An Alphabetical Brain Stretching Exercise – The sense of using Non-sense

I’m starting this with an apology, because I can’t trace the creator of the exercise I’m leading up to.

alphabet topper 3I don’t remember where I first came across this piece of word play.  I do know it’s been around a long time.  I’ve old books of ‘parlour games’ that do something similar, so perhaps the author was the wonderfully talented Anon.  I’ve tried looking it up, but that’s not easy without knowing the correct title.  So, should anyone know the origins of this, I’d be grateful if you’d tell me.

This is really an exercise that allows us to be absurd.  In case you’re wondering why you would want to, let me ask, why wouldn’t you? At its purest, nonsense literature covers a great raft of wonderful imaginings, in poetry and prose.

You may not want to write of owls and pussycats, or even a Jabberwocky or a disappearing Cheshire cat.  That’s fine, no reason why you should.  But don’t pass by this exercise because of that.  Being able to let go of rational and logical reasoning does not have to be just about the sense of ridiculous.

Exercises like this one help us to free our imaginations.  Like Freewriting, the purpose of this is to block off that annoying inner critic we all have.  Here you are not just allowed to write nonsense, you are almost obliged to.  Adults often need to be reminded how to be playful, especially with words.  This is another way of practicing that.

There is only one big rule here: No dictionaries.  That would definitely be cheating.

capital lettersWrite your name, then start to write about yourself using ONLY words that begin with the same initial letter.  You may aim for some form of sense, but obviously that’s going to take some ingenuity, and lateral thinking, and it’s much easier, and playful, to allow the words to take-over and lead you.capitals 3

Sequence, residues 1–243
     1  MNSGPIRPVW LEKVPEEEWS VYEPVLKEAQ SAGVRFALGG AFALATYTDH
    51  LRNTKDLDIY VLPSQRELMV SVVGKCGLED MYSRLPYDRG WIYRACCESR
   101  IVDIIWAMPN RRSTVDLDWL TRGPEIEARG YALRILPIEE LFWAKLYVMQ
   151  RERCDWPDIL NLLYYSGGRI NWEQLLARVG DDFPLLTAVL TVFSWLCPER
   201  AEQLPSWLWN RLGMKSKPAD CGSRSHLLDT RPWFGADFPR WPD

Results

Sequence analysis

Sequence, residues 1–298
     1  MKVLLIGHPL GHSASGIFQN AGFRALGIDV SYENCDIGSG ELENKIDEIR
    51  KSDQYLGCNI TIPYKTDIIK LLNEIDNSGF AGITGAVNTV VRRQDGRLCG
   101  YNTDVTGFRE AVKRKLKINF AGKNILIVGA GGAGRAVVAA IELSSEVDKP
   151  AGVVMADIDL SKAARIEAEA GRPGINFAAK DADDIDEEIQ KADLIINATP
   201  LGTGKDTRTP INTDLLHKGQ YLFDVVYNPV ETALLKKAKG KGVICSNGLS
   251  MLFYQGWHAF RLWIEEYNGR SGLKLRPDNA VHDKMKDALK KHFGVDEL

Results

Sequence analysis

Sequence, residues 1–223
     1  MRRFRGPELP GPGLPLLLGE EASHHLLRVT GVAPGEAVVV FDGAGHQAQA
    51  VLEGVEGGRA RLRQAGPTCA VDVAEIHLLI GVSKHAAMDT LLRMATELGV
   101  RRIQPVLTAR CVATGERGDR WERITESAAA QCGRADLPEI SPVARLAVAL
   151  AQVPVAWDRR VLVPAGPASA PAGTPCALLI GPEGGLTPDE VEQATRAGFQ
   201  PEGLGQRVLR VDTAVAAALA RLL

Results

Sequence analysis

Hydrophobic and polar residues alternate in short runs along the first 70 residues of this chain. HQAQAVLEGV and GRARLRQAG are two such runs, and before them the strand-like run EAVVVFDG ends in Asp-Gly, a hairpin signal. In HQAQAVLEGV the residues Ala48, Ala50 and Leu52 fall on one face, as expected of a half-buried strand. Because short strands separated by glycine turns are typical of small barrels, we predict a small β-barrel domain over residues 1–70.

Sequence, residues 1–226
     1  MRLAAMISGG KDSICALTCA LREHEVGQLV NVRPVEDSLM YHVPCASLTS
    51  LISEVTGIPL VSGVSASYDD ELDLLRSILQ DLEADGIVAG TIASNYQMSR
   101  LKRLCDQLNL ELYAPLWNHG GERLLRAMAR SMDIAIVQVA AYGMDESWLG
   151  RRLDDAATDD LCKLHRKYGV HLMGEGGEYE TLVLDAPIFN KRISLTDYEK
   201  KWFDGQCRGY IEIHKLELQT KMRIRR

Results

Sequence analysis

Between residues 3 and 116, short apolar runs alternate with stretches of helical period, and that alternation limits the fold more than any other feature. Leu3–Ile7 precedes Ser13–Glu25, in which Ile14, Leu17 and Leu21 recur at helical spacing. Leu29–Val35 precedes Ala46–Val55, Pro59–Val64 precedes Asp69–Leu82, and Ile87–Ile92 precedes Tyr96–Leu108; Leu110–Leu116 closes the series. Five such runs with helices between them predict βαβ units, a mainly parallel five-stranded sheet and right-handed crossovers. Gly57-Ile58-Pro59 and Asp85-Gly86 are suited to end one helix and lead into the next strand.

Here’s my attempt:

Cath can’t count competently.  Cringes concerning cubes.  Creatively challenged, Cath calls cute canine companion.  Cooperatively contemplating clouds causes calm creativity.  Circling charming countryside can counteract craziness: certainly challenges concerns.  Change corners constantly.  Cooky claims, continuously cooling cures cheese.  Codswallop! Canned corn concerns con-captain creating caption concerning cash.  Can’t continue containing corn.  Could con-captain can cabbage, cubed?  Credit card claimants call competent cats.  Cool cats corner crazy con-captain, controlling control cars.  Crushed customers claim considerable cash.  Council catch crook, charge certain callers copiously.  Cuffs count collars, claim cheese.  Cool cats can consume cheese.

As you can see, there’s only a nod towards sense here.  You may be able to achieve something more coherent.  The thing is, you don’t have to.

What you will do, though, is stretch your vocabulary, both for words and for meaning.  Hopefully, what you will find is that while you may start out slowly, every so often the words will flow.  They may not make much sense, but try to let go of your need for rational and logical, and allow your pen to lead you.

Look instead at how wide your vocabulary really is.  Because if you can do this for one paragraph, using just one letter of the alphabet, just think how many words you must have tucked away in your personal lexicon, just waiting for a chance to be applied to your writing.

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2 thoughts on “An Alphabetical Brain Stretching Exercise – The sense of using Non-sense

  1. Love exercises like this as warm ups for a writing class, but pity the Zeldas and Zoes and Yoland and Yvonne aren’t any better off. Me? Bridget blasts basement blues brewing brittle bitterness by breaking barriers….

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  2. Glad you enjoyed it. Like your ‘B’s.
    Yes, Zs and Ys would be a challenge. However, when I get to a really high wall I try to get round it rather than climb over, so perhaps I might say use your surname, or middle name. Okay, they might combine both, so what about second letter of first name.
    That might make a good variation on this, now I come to think of it. Thanks Bridget, you’ve set me thinking.

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